Monday, July 27, 2009

Not quite

Not quite finished. If I'm being really honest, not nearly finished. This is what I managed of my Tour de France project as the winner (a very impressive Mark Cavendish) rode across the finish line in Paris last night.

cardi 4

I'm about two-thirds of the way through the tangles of the tangled yoke cardigan.

cardi 2

I achieved about as much as I realistically expected to manage; but not nearly as much as I had hoped for. However, it's certainly much more progress on what's quite a major project for me than I would otherwise have achieved over the last three weeks. That's good. I'll continue with the cardi and try to finish it in the next couple of weeks so that my daughter can get a few wears from it before winter disappears altogether. But I won't work on it quite so obsessively. I need a bit of a break so that my knitting remains a pleasure rather than a duty, and my poor aging fingers and wrist recover.

In my obsession with my TdeF project, I haven't posted about some socks I completed for a sock swap on Ravelry. My swap partner sent the yarn - Heirloom Jigsaw - and I've knitted a simple Nancy Bush pattern 'Dalarna' from 'Knitting on the Road'. The only modification was that I omitted the 'clock' pattern on the feet as my partner likes a smooth knitted finish for the feet of her socks.

Grey stripes 2

These are fun. I like the way the stripes work with the regular clear black lines interspersed with the rather crazy patterning of the shades of grey between. I hope my swap partner also enjoys them

Grey stripes 4

Saturday, July 25, 2009

Taking stock

Taking stock

Lately I've been feeling a bit depressed about my knitting. I feel as if I'm not making as much progress as I'd like, and I feel oppressed by the self-imposed deadlines I'm missing.

Stupid, no? Knitting's meant to be the fun part of my life...the bit that's totally optional; completely my choice. So I've decided to take stock and reassess my choices. At the beginning of the year I set myself a knitting program for the year - my Personal Sock Club for 2009 interspersed with other projects I was interested in. This is the tally so far:

Personal Sock Club:
'Child's French Sock' by Nancy Bush.
'Travelers' Stockings' by Nancy Bush.
'Country Socks' by Nancy Bush.

Other projects:

'Jane Austen Shrug' from Mason-Dixon Knitting Outside the Lines
'Ribbon-edged Cardigan' by Debbie Bliss
'Spice Girl' by Erika Florey

Missed deadlines:

'Indigo Noragi' by Vicki Square - a jacket started more than a year ago and still only about 80% complete. I love the pattern, the yarn is The Knittery's beautiful silk wool mix - in grey no less - but I can't manage to finish it!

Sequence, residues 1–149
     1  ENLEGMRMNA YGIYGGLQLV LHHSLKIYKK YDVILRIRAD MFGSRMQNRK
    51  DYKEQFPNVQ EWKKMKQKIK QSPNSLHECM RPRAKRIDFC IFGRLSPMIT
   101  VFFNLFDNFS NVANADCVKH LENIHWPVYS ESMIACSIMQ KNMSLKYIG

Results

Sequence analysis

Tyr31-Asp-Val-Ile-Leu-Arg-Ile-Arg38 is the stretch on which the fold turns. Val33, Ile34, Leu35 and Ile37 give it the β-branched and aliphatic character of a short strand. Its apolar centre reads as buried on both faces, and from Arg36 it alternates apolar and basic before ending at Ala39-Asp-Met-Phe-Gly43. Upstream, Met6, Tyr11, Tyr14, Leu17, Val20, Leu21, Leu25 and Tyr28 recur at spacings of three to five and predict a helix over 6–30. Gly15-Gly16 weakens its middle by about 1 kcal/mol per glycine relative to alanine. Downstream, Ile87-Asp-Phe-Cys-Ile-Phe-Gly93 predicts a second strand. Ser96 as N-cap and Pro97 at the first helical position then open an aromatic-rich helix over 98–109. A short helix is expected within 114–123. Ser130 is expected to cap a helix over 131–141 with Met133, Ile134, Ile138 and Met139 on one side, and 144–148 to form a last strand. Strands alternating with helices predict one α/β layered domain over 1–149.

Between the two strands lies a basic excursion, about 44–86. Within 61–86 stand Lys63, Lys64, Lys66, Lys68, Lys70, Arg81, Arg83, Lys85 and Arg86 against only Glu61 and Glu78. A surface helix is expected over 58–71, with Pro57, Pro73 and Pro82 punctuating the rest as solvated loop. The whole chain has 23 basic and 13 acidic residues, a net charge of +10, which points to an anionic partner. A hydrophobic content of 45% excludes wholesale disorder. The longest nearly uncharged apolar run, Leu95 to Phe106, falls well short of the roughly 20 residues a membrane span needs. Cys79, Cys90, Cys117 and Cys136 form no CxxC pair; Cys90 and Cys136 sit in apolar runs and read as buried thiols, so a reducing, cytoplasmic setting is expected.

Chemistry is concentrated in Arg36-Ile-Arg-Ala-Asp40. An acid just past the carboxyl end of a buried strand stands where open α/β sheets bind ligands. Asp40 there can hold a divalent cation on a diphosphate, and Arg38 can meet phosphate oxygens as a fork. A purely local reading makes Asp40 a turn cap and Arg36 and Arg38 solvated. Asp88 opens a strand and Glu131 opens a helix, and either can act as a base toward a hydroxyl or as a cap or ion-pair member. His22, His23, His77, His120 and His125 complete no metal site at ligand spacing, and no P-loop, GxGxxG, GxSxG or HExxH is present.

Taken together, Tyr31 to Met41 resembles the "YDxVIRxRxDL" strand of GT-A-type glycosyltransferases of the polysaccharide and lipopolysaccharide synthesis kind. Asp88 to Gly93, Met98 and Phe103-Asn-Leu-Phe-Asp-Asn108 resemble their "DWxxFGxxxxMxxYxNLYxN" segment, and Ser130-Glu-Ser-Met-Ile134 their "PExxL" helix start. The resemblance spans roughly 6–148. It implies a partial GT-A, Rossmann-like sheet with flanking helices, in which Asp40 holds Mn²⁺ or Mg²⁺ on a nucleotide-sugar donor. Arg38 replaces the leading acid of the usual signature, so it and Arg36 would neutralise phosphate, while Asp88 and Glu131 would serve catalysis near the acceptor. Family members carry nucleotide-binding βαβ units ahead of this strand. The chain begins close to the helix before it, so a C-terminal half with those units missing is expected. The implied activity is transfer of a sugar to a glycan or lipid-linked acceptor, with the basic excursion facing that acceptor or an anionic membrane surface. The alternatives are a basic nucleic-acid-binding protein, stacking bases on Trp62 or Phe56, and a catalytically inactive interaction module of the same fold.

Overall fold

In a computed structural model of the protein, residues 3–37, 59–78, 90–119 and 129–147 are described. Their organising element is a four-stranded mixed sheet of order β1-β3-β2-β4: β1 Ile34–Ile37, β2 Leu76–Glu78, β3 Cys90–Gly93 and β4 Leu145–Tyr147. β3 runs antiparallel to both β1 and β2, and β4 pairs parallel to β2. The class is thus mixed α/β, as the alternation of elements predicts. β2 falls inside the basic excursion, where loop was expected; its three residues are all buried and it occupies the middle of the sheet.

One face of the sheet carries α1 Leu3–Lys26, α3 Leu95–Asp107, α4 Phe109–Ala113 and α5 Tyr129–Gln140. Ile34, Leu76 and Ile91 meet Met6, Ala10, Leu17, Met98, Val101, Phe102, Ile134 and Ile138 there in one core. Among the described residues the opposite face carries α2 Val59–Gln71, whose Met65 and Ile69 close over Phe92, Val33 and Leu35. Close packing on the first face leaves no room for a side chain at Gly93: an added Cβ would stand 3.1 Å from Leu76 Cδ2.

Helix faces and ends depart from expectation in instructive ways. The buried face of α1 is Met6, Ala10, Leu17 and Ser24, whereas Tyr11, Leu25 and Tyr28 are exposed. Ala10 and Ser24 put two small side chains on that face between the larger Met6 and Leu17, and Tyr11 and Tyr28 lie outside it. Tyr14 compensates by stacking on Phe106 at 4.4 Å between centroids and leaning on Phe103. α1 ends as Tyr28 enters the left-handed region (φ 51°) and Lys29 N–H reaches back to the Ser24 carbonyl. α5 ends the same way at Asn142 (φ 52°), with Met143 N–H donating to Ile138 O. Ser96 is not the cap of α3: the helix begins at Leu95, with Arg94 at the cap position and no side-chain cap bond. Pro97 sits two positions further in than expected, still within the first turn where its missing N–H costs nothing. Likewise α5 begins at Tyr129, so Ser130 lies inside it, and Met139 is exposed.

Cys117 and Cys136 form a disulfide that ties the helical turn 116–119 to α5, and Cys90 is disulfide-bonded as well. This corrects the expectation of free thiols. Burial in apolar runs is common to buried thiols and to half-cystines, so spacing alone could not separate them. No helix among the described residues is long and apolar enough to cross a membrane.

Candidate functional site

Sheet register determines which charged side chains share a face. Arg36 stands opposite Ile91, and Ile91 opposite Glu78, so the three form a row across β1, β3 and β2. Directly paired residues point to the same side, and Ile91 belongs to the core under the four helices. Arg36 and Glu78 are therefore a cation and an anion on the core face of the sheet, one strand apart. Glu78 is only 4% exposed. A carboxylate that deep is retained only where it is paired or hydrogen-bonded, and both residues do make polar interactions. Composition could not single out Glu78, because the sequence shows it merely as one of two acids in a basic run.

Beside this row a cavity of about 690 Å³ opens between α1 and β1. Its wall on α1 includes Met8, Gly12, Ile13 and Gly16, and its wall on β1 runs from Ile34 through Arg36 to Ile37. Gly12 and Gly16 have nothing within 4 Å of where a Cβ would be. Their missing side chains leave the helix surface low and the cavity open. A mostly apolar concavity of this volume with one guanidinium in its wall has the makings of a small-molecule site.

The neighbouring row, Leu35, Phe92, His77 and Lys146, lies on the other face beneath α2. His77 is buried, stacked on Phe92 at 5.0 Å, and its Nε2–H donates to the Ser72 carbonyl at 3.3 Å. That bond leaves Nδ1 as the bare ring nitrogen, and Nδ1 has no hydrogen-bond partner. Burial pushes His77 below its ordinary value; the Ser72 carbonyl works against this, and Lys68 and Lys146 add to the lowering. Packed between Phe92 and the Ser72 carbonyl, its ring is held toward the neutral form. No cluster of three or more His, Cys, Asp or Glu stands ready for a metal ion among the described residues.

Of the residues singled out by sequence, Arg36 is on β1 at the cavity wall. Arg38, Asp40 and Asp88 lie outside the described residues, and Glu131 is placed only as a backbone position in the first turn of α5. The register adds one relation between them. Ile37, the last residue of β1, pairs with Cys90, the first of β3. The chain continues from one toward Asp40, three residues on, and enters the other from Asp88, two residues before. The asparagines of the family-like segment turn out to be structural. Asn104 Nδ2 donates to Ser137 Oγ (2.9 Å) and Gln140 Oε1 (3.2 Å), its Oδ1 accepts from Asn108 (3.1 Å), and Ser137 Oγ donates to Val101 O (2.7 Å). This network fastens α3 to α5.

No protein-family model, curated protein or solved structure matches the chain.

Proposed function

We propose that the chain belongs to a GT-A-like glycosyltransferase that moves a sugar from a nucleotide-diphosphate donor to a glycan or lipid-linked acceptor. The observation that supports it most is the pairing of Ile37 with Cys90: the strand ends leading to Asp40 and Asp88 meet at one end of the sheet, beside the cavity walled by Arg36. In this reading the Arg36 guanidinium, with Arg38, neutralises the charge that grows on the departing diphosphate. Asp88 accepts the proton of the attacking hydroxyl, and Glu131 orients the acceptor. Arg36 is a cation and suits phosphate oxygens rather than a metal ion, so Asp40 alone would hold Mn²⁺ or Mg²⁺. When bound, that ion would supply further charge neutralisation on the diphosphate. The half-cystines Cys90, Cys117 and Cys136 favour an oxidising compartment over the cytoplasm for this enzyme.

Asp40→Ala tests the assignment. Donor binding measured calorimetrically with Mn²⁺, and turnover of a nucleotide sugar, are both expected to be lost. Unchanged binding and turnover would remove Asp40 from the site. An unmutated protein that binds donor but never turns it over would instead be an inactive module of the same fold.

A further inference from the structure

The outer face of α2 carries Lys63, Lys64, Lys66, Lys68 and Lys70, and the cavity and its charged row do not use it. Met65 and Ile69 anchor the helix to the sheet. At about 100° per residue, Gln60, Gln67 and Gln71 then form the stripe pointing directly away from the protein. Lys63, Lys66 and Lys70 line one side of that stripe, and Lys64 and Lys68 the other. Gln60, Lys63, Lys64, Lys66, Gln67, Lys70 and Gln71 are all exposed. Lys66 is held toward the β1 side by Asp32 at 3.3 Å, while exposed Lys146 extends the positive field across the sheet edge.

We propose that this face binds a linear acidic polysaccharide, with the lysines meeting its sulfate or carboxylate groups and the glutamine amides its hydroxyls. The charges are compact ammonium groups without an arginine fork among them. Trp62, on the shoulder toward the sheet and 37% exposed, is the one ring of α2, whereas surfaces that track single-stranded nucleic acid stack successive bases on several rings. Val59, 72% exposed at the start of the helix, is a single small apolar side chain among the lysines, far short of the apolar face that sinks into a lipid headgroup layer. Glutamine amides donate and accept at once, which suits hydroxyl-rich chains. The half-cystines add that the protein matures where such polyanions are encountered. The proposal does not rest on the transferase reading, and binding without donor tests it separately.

'Tangled Yoke Cardigan' by Eunny Jang - my Tour de France project due to be finished tomorrow and I'm just at the beginning of the yoke. So, no chance of meeting the deadline.
My Personal Sock Club project 4 - due to be finished Monday and I haven't even cast on.

On the other hand, there are projects that are finished that weren't part of my program for the year:
The 'Chevron Scarf' by Joelle Havorson - completed before my program started
'Ishbel' by Ysolda Teague
'Mousie' by Ysolda Teague
'Baktus' scarf by Strikkelise
'Cranford Mitts' by Jane Lithgow
'Dalarna' socks by Nancy Bush for a sock swap and
Four and two-thirds garter stitch trim hats (by Mustaa Villaa) for the Winterwarm Project).

I think there's a message here. I'm much more efficient at completing things I've not programed than those I have. And, perhaps more importantly, giving in to the passion of the moment gives me a great deal more pleasure than moving systematically to the next project. I've discovered it's hard to postpone the pleasure of knitting with lovely yarns recently acquired, and unnecessarily disciplined to resist the pleasure of jumping on the latest knitting band-wagon or trying out a recently discovered pattern.

But I don't want to give up too easily. I've reached a compromise. I'll finish my Personal Sock Club for the year, even though the current project will be seriously late, and I'll finish the Tangled Yoke cardi. Otherwise? I'll knit as the whim or passion takes me. Knitting is meant to be about pleasure, after all.

Wednesday, July 22, 2009

Losing hope

After last night's stage of the Tour de France a very dejected Cadel Evans admitted he was 'out of the race'. Not literally of course (or a least I hope not); what he meant was that he had given up all hope of achieving what he had set for himself - a high finish in the general classification.

At a more mundane and less career-damaging level, I feel much the same about my Tour de France knitting project - Eunny Jang's Tangled Yoke Cardigan.

Tangled yoke 2